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Logo of Phnom Penh Post newspaper Phnom Penh Post - 'There are too many logs to count'

'There are too many logs to count'

'There are too many logs to count'

The local people know their trees are disappearing, as Chris Fontaine reports,

but international agencies have plans at hand. The necessary first steps? Or merely

a pipe dream?

ANDONG MEAS DISTRICT, Ratanakiri - The village chief jabbed his finger toward the

northeast across the tranquil waters of the Se San River leading to Vietnam.

"The road begins 5km from here near my birthplace in Ket village. It will take

at least an hour and a half to get there, but once you reach the new road it is very

smooth for 30km to the border."

The Jarai hill tribe elder explained that the 'new' road is actually a section of

an old highway linking Laos, Vietnam and Cambodia, presumably forgotten after Indochina's

wars. Now, instead of munitions flowing to communist armies in central and southern

Vietnam, thousands of cubic meters of timber trundle to the border on dusty Vietnamese

flat-bed trucks.

"The road was repaired very quickly," said the village chief, who declined

to give his name and asked for his village not be identified. "For this dry

season it will survive. But it won't last the rainy season because they know they

won't need it then."

The road exemplifies the intensity of this dry season's logging trade.

Extracting timber from this remote district of Ratanakiri via the province's main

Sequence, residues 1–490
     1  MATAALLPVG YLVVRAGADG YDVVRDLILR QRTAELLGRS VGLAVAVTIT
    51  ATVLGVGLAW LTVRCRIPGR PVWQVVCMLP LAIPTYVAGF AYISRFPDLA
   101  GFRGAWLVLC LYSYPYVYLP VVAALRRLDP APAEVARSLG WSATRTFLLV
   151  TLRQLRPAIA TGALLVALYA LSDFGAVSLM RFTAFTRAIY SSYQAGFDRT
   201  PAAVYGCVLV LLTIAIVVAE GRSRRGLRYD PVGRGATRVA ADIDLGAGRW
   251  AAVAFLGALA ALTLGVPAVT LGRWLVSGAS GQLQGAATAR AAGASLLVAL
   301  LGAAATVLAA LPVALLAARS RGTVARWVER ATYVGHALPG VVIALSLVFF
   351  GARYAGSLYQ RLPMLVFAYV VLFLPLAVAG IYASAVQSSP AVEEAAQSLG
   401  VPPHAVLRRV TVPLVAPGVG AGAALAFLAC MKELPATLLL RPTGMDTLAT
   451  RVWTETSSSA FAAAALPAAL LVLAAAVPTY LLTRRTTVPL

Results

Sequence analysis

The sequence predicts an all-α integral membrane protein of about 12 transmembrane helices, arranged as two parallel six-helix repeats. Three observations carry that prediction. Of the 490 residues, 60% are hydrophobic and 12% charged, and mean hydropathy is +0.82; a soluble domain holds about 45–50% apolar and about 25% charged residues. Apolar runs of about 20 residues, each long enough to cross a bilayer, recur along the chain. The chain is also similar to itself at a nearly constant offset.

border crossing, Route 19, would be a logistical nightmare - each felled log would

have to be trucked to the Se San, ferried across the river and then reloaded on another

truck that would have to navigate kilometers of tiny dirt roads before reaching Route

19.

The road opens to loggers a whole new swathe of forest area north of the Se San.

But despite the freshly bulldozed track, raw timber from once-pristine rain forests

to the south of the river still moves east to the border on Route 19 at a rate that

has environmentalists sounding the alarm.

Keep it up, they say, and there will be nothing left to sell in five years - no money

for the national budget, no trees for the locals to build houses.

One knowledgeable source predicted that Cambodia will have to import wood for construction

within ten years.

The London-based environmentalists Global Witness has determined that more than 250,000

cubic meters of logs - which the group estimates to be worth $130 million - have

been exported from Ratanakiri to Vietnam so far this dry season, and another $73-216

million is estimated to be on the way.

In the provincial capital of Banlung, a local who said his brother worked with the

border police asserted that 300 Vietnamese trucks have been given permission to cross

into Cambodia to extract trees that have been felled over the past several months.